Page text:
What makes the resulting investigation so satisfying is the confrontation between stubborn professionalism and a prejudiced township saddened they stopped lynching young men like Cody as soon as they were satisfied of his guilt. As our not-easily-deterred investigator moves forward, chinks of light emerge. After talking with one of the rape victims, there may even be circumstantial evidence confirming Cody’s innocence. But, in default of DNA exoneration, probable cause for doubting guilt is not going to fly. As PI novels go, this strays rather pleasingly into noir territory as the small town’s secrets prove to be just as dark as those found in the bigger cities. I’ll leave it to you to read and so discover whether Cody is guilty. Needless to say, there must also be a resolution of the hanging thread of relationship between Bill and his ex. This proves rather sad as, for reasons which emerge during the course of the book, Cheryl is somewhat more dysfunctional that we might have suspected. The outcome is Bill’s departure from the town. This is necessary so the serial can proceed. You’ll have to decide whether you think the realism of the result hits the mark. I think it does, making this one of the better books in the serial for some time.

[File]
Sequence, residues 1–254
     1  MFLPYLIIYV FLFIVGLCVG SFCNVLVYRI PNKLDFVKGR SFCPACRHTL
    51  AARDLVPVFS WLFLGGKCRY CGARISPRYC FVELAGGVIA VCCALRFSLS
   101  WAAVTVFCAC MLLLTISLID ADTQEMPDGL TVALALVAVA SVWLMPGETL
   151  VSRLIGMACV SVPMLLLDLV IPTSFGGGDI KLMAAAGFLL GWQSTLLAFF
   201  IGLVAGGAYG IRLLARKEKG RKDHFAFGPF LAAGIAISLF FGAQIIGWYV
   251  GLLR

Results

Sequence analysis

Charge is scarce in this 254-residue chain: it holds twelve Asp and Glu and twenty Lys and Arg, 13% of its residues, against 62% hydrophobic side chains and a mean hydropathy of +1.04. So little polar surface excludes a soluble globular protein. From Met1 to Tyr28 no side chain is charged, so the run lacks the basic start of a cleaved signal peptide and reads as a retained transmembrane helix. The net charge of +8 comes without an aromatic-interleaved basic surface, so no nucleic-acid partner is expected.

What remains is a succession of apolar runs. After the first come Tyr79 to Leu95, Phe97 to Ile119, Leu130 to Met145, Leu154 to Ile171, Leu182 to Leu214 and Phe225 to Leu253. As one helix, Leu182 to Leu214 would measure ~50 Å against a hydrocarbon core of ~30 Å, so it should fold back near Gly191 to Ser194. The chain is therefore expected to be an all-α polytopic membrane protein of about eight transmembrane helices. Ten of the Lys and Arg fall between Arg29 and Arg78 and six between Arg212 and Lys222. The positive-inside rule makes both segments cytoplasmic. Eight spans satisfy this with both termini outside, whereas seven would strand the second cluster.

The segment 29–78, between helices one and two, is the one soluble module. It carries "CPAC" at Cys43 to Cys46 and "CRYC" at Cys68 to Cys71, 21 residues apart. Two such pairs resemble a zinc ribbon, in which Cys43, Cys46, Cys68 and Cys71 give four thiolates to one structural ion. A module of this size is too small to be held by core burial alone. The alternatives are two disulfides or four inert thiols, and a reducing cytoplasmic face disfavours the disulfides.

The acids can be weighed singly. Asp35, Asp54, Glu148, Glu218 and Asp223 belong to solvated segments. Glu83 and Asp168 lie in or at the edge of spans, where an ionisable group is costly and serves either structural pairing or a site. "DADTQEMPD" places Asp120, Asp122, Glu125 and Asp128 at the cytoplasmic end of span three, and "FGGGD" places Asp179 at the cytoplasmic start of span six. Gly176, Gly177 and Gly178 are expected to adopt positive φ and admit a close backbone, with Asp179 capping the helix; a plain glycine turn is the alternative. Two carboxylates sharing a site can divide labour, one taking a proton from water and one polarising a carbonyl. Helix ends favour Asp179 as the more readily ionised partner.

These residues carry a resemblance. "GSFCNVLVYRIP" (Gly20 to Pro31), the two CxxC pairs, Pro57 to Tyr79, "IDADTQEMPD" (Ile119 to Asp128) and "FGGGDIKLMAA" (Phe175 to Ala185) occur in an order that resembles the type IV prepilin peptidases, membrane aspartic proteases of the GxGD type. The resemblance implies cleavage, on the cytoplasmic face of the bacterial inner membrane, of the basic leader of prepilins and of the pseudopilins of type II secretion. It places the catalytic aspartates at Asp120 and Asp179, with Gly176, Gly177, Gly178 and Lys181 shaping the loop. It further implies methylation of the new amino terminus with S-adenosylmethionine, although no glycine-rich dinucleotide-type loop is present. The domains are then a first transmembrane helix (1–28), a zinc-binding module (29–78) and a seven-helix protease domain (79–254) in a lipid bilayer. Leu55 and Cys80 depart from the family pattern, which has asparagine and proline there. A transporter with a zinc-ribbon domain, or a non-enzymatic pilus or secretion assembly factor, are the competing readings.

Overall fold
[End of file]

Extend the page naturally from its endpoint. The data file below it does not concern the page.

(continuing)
For reviews of three other novels by Bill Pronzini, see:

A copy of this book was sent to me for review.

River of Glass by Jaden Terrell

November 3, 2014 Leave a comment


Over the last two years, I’ve reviewed a few mystery novels with an agenda to deal with issues of contemporary importance. This has included the abnormally high murder rate in some Mexican towns, people trafficking, and so on. It may be significant that many of these novels dealing with the darker side of human nature are Scandinavian. The literal darkness that descends in the northern latitudes during their longer winters often seems to be matched by a fascination with human depravity in its various forms. This experience has led me, on some occasions, to feel somewhat manipulated. It’s not exactly that I’m beginning to suffer compassion fatigue. I haven’t yet lost my sense of the horror and real injustice suffered by the victims of these crimes. I’ve simply found the themes overly dominant, feeling as if these crimes are themselves being presented as a form of entertainment as we watch the not unnaturally depressed detectives follow the clues to trap the killers and imprison the abusers.